Judges from the 10th Circuit Court of Appeals will decide whether an assault case should have been dismissed because jurors made racially inflammatory comments.

The judges, in Salt Lake City today for a satellite hearing, will consider the appeal of a Utah federal judge's decision to throw out the conviction of a Native American man in the October 2007 assault.

U.S. Attorney for Utah Brett Tolman's office filed an appeal of the November ruling by U.S. District Judge Dale Kimball. The judge ruled that statements made by two jurors during the deliberation phase of the case indicated they had "failed to honestly answer a material question during 'voir dire."' Voir dire is the portion of a jury trial were attorneys, or a judge, question potential jurors to determine personal biases that may affect their ability to fairly render a verdict.

Kerry Dean Benally, 36, an enrolled member of the Ute Mountain Ute Tribe and resident of the Ute White Mesa Reservation near Blanding, was found guilty by a federal jury on Oct. 10, 2007, of assaulting Bureau of Indian Affairs officer Jimmy Dale Cline in April 2007.

Following the incident, Cline told FBI investigators that he thought Benally was intoxicated at the time. The day after the jury rendered its verdict, one of the jurors contacted Benally's attorneys with concerns about statements made by two jurors during deliberation. This juror stated in an affidavit that the jury foreman said "that he used to live on, or maybe he lived by an Indian reservation. He then stated 'when Indians get alcohol, they all get drunk' and then added when they do get drunk, they get wild or violent or something to that effect."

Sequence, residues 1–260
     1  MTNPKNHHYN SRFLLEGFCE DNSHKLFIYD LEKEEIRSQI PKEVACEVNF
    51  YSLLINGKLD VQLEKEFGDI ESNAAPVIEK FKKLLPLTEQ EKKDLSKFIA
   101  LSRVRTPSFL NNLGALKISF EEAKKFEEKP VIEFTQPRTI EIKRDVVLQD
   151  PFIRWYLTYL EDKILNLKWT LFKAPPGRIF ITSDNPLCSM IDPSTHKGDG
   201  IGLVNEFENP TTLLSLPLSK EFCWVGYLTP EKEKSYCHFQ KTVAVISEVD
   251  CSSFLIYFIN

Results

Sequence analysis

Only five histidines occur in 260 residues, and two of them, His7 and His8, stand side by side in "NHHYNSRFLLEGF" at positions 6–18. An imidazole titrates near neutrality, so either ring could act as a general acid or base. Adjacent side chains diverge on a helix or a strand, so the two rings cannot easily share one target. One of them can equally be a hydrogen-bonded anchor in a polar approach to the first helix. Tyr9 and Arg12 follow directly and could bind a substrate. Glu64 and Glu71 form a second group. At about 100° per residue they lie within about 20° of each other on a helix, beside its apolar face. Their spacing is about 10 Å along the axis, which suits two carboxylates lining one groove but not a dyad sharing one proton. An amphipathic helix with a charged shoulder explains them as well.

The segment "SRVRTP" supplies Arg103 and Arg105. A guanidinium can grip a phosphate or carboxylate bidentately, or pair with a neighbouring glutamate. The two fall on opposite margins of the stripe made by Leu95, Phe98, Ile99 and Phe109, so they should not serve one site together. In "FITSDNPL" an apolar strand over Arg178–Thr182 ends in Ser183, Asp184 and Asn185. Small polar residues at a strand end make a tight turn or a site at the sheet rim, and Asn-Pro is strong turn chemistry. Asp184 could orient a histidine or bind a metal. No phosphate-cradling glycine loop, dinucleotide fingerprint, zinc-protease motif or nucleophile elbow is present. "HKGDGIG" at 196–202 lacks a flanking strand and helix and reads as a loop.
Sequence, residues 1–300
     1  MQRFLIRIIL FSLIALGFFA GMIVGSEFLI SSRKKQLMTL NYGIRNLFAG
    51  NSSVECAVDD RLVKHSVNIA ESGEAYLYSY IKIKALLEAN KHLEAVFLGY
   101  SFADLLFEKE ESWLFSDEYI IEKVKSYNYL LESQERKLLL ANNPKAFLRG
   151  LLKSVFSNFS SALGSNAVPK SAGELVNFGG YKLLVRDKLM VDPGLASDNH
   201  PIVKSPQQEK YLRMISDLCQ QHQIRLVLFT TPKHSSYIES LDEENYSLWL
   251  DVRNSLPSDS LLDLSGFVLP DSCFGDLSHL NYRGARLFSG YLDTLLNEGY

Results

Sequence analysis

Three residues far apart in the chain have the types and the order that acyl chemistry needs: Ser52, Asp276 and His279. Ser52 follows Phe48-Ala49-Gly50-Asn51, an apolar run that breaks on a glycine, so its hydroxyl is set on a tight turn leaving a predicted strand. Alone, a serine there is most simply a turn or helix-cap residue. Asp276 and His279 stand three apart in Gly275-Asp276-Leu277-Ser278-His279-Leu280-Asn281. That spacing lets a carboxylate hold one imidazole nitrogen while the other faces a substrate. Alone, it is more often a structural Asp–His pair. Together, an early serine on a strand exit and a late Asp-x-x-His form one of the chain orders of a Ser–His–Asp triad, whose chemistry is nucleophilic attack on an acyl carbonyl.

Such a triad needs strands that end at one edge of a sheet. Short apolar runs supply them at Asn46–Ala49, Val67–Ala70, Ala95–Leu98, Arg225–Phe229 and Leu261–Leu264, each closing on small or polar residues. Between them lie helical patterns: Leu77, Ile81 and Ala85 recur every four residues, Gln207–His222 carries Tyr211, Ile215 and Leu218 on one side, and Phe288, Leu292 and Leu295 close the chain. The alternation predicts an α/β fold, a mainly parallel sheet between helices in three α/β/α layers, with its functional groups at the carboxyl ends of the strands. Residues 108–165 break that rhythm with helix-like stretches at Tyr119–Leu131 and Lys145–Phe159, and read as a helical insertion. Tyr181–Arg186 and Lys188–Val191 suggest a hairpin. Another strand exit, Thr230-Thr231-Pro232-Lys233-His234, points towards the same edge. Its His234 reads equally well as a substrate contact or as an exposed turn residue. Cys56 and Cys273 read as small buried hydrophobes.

In another statement given to a defense investigator, a juror said that "at least two other jurors agreed with the foreman about Indians and drinking."

Tolman's office disputes Kimball's finding, claiming the allegations are not competent evidence to warrant a new trial and stated in a court filing that "the district court abused its discretion by granting Benally's motion for a new trial based on the evidence of alleged juror misconduct in the juror's affidavit and the defense investigator's declaration." In the event their appeal is successful, Benally's conviction would be reinstated and he would be scheduled for a sentencing hearing.

Public defender Steven Killpack's office filed a brief stating that the U.S. attorney mildly characterizes the racist juror statements "as if they were just some offhand quaint observations or innocuous generalizations." Further, that "Mr. Benally was essentially reduced to the worst sort of cartoon stereotyping which, not coincidentally, was especially highly prejudicial because it served to confirm his guilt of the charge in this case."

If the appeals court judges deny the appeal, Benally would be retried in Utah's U.S. District Court.

Three judges from the Denver-based 10th Circuit will hear oral arguments on the appeal at the S.J. Quinney School of Law at the University of Utah today. Rulings on appeals typically take about two to six months.


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